I am not sure if my advice would apply to any business, but I believe that the key to successfully bringing any good idea to market is to do your homework. In my case, I did a lot of research online and I also read books. My favorite was “The Mom Inventor’s Handbook. How to Turn Your Great Idea into the Next Big Thing” by Tara Mosonoff. By reading her book, I was able to evaluate my product’s potential. The book also helped me to understand the basics of sourcing, profit analysis, logistics, and more. I also found my engineer through her book who, in turn, helped me with design and manufacturing. I wouldn’t attempt to run any business without knowing what you are getting into first.

What are the three biggest challenges you have faced growing the business and how did you overcome them?

One of our biggest challenges was getting used to working with an overseas manufacturer. Even when you find one that you think that you can trust, there is always the potential for miscommunication. We ended up using one that our engineer had recommended which helped but still, not everything is always perfect.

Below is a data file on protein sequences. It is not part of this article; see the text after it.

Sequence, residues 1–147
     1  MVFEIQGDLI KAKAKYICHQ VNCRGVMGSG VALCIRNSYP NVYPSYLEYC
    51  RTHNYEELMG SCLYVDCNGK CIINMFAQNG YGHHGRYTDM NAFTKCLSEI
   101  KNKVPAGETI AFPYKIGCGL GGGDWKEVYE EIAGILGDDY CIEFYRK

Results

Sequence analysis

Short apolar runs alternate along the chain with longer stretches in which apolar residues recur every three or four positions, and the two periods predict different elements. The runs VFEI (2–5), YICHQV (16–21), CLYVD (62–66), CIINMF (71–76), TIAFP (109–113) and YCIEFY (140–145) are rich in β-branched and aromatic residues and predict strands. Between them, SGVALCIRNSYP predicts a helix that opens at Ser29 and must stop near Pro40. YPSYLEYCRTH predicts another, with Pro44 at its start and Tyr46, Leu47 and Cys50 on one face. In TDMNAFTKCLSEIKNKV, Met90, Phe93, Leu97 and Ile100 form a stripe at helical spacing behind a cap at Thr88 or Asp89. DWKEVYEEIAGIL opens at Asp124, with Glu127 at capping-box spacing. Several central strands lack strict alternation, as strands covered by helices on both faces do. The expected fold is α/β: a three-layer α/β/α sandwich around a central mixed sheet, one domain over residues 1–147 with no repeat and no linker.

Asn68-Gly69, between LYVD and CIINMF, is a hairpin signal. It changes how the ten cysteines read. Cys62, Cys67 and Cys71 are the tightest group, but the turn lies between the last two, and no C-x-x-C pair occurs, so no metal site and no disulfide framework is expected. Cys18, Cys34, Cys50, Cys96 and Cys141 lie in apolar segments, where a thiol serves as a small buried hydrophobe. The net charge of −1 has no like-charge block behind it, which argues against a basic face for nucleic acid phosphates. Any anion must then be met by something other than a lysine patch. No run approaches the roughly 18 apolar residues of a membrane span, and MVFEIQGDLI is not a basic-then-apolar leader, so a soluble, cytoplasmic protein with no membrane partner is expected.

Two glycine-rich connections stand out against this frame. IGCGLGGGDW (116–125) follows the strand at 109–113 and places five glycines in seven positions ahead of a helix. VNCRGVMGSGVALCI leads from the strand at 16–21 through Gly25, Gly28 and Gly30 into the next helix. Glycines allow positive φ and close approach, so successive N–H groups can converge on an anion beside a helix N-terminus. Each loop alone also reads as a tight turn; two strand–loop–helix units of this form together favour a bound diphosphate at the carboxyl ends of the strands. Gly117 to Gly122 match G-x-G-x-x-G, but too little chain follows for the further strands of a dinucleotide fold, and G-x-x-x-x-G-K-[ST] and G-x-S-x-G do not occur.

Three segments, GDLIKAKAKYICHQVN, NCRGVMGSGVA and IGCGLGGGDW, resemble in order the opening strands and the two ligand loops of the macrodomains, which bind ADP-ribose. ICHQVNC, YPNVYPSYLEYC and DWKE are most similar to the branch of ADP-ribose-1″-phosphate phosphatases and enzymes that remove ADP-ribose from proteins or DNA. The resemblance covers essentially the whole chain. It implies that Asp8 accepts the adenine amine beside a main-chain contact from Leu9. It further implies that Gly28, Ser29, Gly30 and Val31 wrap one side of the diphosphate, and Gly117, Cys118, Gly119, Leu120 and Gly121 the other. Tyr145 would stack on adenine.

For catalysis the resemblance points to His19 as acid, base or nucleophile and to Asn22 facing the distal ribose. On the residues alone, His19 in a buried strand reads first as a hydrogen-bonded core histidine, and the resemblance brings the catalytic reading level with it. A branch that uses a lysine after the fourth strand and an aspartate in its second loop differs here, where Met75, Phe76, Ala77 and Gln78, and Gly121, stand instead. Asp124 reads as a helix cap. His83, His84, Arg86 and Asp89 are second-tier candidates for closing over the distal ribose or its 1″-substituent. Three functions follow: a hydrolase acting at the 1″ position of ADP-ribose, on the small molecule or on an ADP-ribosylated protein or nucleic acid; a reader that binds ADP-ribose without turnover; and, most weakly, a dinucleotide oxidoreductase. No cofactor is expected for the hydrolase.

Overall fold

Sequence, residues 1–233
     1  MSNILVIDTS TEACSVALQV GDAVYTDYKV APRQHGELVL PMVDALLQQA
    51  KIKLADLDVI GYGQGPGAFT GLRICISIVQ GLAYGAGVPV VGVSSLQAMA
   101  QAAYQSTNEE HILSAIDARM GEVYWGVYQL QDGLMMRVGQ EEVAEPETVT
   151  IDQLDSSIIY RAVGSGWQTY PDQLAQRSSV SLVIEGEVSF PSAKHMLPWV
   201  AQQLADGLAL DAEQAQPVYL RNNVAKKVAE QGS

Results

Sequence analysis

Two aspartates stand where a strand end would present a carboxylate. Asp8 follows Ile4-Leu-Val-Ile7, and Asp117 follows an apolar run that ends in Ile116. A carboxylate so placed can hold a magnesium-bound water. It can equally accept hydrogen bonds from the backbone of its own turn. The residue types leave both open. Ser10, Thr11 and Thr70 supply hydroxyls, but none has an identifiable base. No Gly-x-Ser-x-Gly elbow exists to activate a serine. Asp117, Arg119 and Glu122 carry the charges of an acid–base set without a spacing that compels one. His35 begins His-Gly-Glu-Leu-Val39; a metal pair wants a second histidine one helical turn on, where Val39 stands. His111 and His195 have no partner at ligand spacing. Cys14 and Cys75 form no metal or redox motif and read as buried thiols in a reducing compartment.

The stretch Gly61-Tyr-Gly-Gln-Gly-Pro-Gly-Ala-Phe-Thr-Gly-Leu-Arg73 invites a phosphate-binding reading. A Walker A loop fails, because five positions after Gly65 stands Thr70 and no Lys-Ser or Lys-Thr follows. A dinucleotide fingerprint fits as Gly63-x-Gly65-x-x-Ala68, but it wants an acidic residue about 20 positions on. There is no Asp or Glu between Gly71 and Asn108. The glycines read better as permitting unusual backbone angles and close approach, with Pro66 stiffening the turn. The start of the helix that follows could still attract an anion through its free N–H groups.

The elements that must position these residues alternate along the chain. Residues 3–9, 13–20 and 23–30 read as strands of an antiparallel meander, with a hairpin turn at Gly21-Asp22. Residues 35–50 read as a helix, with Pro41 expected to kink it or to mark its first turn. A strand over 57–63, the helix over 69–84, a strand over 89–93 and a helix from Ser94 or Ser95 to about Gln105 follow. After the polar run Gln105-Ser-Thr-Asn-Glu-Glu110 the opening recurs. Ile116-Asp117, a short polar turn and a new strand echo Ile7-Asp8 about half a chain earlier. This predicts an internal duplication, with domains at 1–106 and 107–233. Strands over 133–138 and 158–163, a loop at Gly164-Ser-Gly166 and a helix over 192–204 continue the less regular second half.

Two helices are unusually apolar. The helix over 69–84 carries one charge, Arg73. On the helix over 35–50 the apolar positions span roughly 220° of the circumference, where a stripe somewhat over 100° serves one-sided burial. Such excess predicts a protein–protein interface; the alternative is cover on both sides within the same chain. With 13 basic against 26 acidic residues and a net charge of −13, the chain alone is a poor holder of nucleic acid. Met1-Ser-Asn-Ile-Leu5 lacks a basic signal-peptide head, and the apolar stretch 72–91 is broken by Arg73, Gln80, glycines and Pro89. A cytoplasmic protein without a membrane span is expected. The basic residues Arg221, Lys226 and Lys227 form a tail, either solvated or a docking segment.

Another big challenge was figuring out how to go from concept to fruition without having the experience of having done this before. Thankfully, there is a lot of good information out there if you dig and dig, I did!

The third comes with success and it’s a great thing but it’s also one that can be the most challenging of all. …how to scale. Once you have something that sells, the next question is how do you scale it successfully. We are currently in the process of scaling and so far, I think that the key is to grow it slowly. Find out what works and take one step at a time. We want to do this well and not have any regrets.

What form of marketing has worked well for your business throughout the years?